Thursday, 14 November 2013

Autorun startup script on Raspberry Pi Arch Linux


I want to run a custom script when my Raspberry Pi running Arch Linux starts up. I only need the most basic instructions.


  • You're comfortable running commands in the console
  • You know what to do if you accidentally brick your RPi
  • You know how to write shell scripts
  • You're already familiar with basic linux shell commands


These instructions were written as a reminder to myself for a fresh install of Arch Linux (2013-07-22 version) in order to run custom startup scripts. Please read through the instructions and make sure you understand all the steps first before attempting this. Results may vary, but because you're doing things as root, you might brick your RPi if you do something wrong (or if things change in different versions of Arch Linux). Follow at your own risk.

Feel free to let me know of any typos in the comments and I'll fix them right away. Best of luck!


Note that this is only one solution out of many possible ones. It may not even be the accepted correct practice, but it happened to work after lots of Googling. You can modify the instructions if you feel comfortable doing so. Also note that these instructions were written as a reminder for myself in case I need to do this again, so they may be a bit brief. This solution was tested to work with the image from the Raspberry Pi downloads page. Your results may vary with other versions (including this not working at all).


  • startup script is located at: /scripts/
  • script already has executable privileges for root
  • we want to run our script in multi-user runlevel (if this doesn't make sense, see here for details)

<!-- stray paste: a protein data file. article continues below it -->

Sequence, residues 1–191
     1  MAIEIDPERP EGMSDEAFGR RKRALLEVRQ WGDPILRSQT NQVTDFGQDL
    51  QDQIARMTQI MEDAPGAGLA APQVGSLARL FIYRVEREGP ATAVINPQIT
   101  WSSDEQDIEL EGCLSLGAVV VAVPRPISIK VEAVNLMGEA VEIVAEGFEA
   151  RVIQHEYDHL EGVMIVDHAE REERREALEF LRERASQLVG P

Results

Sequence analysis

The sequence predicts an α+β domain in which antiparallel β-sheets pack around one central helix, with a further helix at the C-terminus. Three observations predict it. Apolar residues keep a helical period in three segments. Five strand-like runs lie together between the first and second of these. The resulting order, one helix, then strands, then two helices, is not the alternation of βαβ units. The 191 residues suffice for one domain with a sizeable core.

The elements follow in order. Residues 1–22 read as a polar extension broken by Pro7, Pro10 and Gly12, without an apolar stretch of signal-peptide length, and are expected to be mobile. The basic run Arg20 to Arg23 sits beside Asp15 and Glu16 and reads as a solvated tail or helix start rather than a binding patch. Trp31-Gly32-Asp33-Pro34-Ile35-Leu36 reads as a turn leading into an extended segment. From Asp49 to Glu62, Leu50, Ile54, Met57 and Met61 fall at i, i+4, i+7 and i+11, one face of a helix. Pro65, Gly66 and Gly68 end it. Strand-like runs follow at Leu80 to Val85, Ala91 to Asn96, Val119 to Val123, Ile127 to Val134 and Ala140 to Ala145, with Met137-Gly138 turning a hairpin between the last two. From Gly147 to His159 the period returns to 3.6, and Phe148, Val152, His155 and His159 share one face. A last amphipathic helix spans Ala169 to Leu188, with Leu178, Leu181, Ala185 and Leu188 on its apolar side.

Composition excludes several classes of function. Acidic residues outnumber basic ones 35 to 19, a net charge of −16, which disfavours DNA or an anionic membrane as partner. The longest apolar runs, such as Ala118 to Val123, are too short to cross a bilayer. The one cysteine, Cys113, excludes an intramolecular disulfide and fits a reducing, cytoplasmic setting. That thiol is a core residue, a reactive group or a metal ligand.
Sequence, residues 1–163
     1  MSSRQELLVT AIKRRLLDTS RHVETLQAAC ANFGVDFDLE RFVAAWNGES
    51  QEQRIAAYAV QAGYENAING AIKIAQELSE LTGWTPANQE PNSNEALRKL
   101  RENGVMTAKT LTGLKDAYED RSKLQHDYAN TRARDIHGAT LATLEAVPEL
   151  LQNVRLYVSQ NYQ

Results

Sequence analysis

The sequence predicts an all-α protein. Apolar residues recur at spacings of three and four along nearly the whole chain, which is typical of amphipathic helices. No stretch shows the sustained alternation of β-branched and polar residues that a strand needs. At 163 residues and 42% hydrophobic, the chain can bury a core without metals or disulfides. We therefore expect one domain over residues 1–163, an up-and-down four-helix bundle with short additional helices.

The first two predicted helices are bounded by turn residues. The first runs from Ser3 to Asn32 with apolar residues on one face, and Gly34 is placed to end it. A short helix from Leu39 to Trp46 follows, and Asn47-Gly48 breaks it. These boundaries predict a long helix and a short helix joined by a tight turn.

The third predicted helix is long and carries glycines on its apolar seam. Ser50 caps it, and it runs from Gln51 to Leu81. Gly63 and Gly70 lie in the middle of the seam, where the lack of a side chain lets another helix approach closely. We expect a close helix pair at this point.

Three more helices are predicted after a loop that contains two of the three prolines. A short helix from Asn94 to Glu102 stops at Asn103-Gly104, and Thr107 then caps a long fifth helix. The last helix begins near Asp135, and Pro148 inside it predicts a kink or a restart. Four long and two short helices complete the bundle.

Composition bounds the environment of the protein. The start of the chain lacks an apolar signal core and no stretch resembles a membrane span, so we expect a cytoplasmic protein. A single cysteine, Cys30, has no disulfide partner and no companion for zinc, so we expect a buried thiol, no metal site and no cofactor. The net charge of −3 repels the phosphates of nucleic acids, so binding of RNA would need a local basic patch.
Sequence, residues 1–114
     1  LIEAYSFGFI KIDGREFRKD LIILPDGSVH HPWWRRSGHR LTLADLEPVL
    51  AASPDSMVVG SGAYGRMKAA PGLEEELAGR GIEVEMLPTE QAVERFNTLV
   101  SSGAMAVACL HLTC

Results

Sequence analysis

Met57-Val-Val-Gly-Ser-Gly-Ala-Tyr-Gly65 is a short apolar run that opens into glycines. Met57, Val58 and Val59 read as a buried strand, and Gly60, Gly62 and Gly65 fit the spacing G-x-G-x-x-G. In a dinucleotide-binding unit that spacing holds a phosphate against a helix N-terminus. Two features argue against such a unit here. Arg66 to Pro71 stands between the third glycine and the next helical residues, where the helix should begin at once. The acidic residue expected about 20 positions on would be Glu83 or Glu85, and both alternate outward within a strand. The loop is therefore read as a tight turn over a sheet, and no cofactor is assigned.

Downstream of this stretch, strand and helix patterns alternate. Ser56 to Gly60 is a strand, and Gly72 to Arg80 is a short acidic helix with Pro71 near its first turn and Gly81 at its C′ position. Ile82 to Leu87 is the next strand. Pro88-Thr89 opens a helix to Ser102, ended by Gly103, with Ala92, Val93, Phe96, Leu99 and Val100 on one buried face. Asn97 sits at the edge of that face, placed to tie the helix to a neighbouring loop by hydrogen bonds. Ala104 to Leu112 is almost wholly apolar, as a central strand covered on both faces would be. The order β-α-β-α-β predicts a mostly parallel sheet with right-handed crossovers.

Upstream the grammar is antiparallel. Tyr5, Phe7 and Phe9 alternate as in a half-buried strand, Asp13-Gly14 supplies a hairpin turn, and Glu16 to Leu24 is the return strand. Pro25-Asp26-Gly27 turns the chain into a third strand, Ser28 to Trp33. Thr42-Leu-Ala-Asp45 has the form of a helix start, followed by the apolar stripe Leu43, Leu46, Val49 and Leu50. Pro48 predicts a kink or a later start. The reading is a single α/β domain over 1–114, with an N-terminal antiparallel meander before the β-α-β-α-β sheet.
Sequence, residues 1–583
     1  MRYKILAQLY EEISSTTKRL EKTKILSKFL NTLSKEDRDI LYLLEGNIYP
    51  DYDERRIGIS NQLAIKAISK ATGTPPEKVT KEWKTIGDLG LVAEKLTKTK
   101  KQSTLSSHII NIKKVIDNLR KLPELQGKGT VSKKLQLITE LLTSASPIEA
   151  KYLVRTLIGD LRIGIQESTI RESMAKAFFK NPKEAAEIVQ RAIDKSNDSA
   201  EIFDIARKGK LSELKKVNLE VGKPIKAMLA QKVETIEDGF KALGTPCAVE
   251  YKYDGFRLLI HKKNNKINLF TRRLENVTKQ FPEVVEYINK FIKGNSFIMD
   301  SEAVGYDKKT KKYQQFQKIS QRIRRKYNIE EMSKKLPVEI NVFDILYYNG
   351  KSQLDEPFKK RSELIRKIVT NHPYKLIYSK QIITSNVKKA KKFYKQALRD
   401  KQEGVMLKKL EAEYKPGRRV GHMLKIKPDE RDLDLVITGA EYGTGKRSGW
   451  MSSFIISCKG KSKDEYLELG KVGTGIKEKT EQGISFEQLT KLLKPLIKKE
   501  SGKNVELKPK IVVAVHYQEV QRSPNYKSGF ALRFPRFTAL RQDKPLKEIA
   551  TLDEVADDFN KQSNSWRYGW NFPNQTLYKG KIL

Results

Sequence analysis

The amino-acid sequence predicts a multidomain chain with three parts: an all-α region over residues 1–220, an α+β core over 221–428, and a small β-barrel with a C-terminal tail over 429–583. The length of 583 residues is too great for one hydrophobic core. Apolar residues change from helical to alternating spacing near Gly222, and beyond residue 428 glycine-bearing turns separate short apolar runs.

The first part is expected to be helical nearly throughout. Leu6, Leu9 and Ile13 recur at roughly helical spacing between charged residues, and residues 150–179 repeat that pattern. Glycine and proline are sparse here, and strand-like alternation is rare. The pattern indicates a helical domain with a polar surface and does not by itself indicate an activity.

Step 1: create the startup service file for systemd

In this example we're making a file called "myauto.service". In practise you can name it whatever you want, so long as it doesn't replicate another service's name.

# nano /etc/systemd/system/myauto.service

Step 2: edit the .service file to contain the information needed to both run and install your service

In this example, we've included some bare-basics only which points to our startup script /scripts/

Description=Autostart custom script



Once you've edited this above file as you'd like, save it.

This file says that we want to make a service referred to as myauto.service, which should be installed at the runlevel of multi-user, that runs a one-shot command which is our startup script.

Step 3: install the service

Here we get systemctl to install the service. Remember to replace "myauto" with the name of your .service file created earlier.

# systemctl enable myauto.service

You'll see a symbolic link created in /etc/systemd/system/ that corresponds to the .service file created earlier (in this case myauto.service).

Step 4: check if service is running (after restart)

You can check if the service is running by the following command (substituting your service's name for myauto.service below):

# systemctl is-enabled myauto.service

Step 5: where do I get more information?

Check out the very helpful systemd documentation at

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